Jamaica Gleaner / The Trinidad and Tobago government has hinted at the possibility of drawing down more money from the Heritage and Stabilisation Fund (HSF) even as opposition legislators questioned the Rowley administration’s management of the country’s finances.

In a statement, the Ministry of Finance confirmed that the Cabinet approved a US$251 million drawdown from the HSF to “be used for the financing of the 2017 budget, in particular, the development programme also known as the Public Sector Investment Programme (PSIP)”.

Trinidad had made its first drawdown on the fund established in 2007, when on May 13, 2016, it took US$375 million, then leaving a balance of US$5.42 billion.

“Since then, the Fund has been able to recover through good management and good returns on investments. In fact, the balance in the HSF increased from US$5.42 billion in May 2016 to US$5.695 billion in March 2017,” the Ministry of Finance noted.

It reiterated that the savings and investments from surplus petroleum revenues in the HSF “be used where necessary to cushion the impact on or sustain public expenditure capacity during periods of revenue downturn whether caused by a fall in prices of crude oil or natural gas” or generate an alternate stream of income so as to support public expenditure capacity as a result of revenue downturn caused by the depletion of non-renewable petroleum resources”.

The HCF is also used to provide a heritage for future generations, of citizens of Trinidad and Tobago, from savings and investment income derived from the excess petroleum revenues.

The Ministry of Finance said as the “country continues to experience severe revenue shortfalls as a result of depressed petroleum prices, the HSF will be carefully used by the government to ensure the country’s financial stability”.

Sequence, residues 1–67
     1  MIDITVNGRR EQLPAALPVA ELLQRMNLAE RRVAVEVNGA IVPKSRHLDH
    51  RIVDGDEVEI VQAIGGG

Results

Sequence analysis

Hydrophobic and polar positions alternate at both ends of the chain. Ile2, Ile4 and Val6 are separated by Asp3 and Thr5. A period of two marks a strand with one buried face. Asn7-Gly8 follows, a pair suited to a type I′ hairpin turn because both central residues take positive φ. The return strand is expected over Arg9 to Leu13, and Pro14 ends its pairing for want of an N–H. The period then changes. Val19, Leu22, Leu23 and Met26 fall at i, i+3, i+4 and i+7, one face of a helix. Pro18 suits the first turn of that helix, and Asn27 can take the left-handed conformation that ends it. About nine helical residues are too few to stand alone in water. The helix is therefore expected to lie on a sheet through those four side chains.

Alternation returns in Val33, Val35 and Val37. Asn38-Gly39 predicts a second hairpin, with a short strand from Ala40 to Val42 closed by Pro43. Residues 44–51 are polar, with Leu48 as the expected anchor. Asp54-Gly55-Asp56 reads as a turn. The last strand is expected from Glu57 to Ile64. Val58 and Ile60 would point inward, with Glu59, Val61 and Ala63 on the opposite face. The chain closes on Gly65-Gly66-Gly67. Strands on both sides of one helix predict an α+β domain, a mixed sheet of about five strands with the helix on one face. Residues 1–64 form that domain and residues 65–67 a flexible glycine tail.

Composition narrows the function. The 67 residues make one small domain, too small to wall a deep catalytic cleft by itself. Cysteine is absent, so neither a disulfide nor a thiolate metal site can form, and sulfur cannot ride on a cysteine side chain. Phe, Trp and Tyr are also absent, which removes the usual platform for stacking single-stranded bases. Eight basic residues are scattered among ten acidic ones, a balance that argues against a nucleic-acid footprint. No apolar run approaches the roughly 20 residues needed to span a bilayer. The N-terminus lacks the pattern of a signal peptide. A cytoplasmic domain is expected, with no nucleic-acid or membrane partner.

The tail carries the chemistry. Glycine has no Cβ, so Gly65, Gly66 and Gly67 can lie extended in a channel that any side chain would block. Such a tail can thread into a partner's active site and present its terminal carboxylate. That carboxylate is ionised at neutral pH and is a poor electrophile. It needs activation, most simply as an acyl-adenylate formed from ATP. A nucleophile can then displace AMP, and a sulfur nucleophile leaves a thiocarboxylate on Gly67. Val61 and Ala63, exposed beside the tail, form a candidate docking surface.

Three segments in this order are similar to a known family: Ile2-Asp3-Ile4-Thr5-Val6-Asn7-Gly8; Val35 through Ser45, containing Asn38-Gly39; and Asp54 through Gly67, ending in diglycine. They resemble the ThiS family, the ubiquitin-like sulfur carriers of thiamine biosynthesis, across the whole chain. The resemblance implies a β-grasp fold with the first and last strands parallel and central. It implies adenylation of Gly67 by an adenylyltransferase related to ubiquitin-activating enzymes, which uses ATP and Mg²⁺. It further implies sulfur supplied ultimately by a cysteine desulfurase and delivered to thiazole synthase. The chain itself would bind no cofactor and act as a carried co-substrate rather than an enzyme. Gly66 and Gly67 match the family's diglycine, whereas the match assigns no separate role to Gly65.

But former planning and development minister Dr Bhoe Tewarie said the opposition is concerned with the way the government is managing the country’s finances since coming to office in 2015.

He told a news conference that the government is failing to take decisions that will lead to stimulation of investment, reversal of recession, restoration of growth and creation of jobs in the economy, while increasing the country’s debts.

“This is in addition to about TT$11 billion already borrowed during their term so far, a worsening debt-to-GDP ratio as borrowings increase and the GDP continues to decline,” said Tewarie.

“We are very worried and concerned about how our country is going to repay such high debt in the absence of confidence in the absence of economic growth and with prosperity nowhere near on the horizon,” he said, while querying whether the PSIP had been financed in the past five months.



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